What is clear, though, is that Google will need to continue bolstering its Big Data efforts and make sure it stays ahead of the game in this new sphere of technology. Some say that 2013 was a year of experimentation for Big Data, and Schmidt makes it sound like 2014 will pave the road for the next step in the process.


4. Arrival of technology in the genetics area

Next up is the arrival of a technology that Schmidt is quick to admit he has no prediction for, but maintains confidence in. The Chair says that, “The ability to have personal genetics records and the ability to start gathering all the gene sequencing into places will yield discoveries in cancer treatment and diagnostics over the next year that are unfathomably important.”

This forecast from Schmidt may seem out of the blue, but don’t forget that it was only September that Google launched a new health company, Calico, that is purposed to focus on health and well-being, with a special attention to aging and its associated diseases. The news surprised some consumers, considering Google is not exactly known for its health expertise, but the new venture wasn’t not entirely expected by investors because Google CEO and co-founder Larry Page has long been very vocal about his struggles with personal ailments, including his diagnosis of left vocal cord paralysis earlier this year. Page thus has worked to ensure Google Ventures, his company’s venture arm, has contributed significantly to health-related companies, and Schmidt’s assertion that the tech giant will continue focusing on health-related issues highlights that Page’s new interests are not going away.


4. Continued rise of social networking phenomenon

Next, Schmidt takes the blame for Google remaining (slightly) behind the social networking bandwagon in 2013, and admits that, “We were busy working on many other things, but we should have been in that area and I take responsibility for that.” The Chair doesn’t offer any more details on how Google intends to increase its social media presence in 2014, but it is at least clear that the new interaction of people on the Web is on Google’s mind for the upcoming year.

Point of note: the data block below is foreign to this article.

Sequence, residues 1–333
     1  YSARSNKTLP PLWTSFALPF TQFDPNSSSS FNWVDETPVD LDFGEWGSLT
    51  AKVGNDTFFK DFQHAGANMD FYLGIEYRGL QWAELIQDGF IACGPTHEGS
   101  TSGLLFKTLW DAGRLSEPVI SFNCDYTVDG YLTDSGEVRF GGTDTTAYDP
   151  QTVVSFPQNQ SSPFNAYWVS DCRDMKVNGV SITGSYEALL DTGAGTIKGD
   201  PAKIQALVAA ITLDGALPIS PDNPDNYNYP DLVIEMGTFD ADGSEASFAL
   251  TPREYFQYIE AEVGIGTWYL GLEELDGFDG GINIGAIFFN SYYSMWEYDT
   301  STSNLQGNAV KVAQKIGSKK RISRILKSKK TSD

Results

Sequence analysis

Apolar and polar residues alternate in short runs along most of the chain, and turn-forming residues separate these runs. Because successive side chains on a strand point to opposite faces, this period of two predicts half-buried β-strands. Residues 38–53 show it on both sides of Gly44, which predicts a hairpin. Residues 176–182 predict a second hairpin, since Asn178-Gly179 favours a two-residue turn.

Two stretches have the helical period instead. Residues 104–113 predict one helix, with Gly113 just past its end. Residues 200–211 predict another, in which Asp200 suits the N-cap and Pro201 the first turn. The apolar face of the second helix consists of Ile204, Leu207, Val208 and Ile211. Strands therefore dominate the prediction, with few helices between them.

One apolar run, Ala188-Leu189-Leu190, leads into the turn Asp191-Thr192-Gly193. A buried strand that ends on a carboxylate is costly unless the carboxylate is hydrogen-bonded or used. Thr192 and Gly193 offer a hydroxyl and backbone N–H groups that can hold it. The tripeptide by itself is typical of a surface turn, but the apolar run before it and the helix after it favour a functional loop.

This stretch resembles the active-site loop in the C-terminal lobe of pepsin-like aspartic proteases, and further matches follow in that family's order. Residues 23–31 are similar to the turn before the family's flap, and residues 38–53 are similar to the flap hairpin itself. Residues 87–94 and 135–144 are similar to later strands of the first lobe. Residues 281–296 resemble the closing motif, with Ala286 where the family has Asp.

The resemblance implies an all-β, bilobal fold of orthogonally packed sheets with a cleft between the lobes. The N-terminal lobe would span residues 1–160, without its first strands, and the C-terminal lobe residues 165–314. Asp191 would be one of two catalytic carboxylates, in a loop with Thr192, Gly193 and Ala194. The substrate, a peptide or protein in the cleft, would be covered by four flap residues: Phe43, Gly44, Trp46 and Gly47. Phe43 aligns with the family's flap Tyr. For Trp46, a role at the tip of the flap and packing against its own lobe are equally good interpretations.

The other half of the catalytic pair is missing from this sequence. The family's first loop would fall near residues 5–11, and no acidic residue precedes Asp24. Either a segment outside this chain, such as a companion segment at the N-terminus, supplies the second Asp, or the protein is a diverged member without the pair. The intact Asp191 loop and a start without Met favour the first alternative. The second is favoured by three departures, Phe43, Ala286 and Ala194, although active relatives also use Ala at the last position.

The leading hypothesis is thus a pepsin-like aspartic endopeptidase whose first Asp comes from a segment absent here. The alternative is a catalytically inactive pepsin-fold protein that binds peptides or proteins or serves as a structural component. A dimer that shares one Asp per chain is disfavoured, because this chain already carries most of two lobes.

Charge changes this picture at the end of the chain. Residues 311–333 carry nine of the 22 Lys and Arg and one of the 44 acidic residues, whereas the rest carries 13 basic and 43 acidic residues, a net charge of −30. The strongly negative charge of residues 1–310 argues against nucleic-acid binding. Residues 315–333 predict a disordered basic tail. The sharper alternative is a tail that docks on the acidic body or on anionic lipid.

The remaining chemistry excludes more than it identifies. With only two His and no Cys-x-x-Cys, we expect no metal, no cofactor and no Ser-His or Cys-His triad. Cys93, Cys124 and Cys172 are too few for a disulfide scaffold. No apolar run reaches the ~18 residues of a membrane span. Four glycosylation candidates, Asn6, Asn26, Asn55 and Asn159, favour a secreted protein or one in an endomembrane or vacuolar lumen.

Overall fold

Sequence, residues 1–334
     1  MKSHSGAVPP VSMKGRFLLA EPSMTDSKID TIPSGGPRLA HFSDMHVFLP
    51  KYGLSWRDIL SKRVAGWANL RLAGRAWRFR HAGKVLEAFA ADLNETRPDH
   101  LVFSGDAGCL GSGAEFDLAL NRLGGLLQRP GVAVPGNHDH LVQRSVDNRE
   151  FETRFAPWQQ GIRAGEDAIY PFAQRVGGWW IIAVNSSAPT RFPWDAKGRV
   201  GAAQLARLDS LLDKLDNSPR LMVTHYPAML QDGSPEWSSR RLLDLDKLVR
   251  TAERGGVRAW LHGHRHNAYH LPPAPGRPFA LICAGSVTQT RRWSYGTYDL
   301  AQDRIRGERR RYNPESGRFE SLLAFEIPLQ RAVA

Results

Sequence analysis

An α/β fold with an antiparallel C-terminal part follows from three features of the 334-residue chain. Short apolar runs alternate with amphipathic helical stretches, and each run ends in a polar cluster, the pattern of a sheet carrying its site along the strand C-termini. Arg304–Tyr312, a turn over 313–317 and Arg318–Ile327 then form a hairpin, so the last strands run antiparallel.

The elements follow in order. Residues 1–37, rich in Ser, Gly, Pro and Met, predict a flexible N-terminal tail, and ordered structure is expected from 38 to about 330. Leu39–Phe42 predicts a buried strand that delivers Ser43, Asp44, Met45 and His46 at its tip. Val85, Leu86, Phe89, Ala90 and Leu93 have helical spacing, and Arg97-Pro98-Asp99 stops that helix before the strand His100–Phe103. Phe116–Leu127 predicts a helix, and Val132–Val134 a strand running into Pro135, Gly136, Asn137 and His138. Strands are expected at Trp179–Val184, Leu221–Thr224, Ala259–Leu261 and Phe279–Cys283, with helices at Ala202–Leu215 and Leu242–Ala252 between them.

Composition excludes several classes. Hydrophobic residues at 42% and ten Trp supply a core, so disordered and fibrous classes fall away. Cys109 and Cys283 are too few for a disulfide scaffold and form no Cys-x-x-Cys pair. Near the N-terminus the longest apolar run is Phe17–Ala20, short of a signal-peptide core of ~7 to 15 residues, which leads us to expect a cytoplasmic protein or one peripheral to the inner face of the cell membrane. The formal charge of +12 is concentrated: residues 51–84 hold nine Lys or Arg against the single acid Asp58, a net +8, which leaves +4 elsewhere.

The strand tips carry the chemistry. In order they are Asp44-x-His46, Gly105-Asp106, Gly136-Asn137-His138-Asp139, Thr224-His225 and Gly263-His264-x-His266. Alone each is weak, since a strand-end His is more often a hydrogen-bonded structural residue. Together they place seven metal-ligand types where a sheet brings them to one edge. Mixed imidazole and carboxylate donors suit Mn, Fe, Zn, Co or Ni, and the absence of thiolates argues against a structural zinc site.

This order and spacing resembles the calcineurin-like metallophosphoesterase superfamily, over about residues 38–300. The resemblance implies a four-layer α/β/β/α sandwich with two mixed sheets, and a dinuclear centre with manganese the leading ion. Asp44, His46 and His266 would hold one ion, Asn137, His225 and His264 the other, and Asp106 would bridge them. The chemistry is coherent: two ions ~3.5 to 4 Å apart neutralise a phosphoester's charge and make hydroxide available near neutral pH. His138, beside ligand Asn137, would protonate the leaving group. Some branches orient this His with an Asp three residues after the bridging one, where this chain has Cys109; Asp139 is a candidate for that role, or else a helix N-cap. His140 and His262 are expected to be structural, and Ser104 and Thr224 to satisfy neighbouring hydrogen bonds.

5. Google investments

Lastly, Google’s Schmidt talks money. He says the company has been hiring globally, making significant investments, and realizing strong growth all around the world, stating, “It’s all green in that sense” thanks to the rise of the Internet in every country.

Schmidt also offers the recognition that certain industries in the tech world are changing and evolving more than others, but he expects Google to continue benefiting regardless of any changes made thanks to their investment-based advertising. He says, “Google benefits from transitions from traditional industries, and shockingly, even when things are tough in the country, because we return on investment-based advertising, it’s smarter to move your advertising from others to Google so we win, no matter whether the industries are in good shape or not, because people need our services, and we’re very proud of that.”

Of course, Google, itself, needs to continue innovating, and Schmidt identifies that stating, “the true limiter on our growth is our rate of innovation,” but he maintains confidence that in the year ahead, the tech giant will continue operating above the curb and keep its advantage over any threatening competition.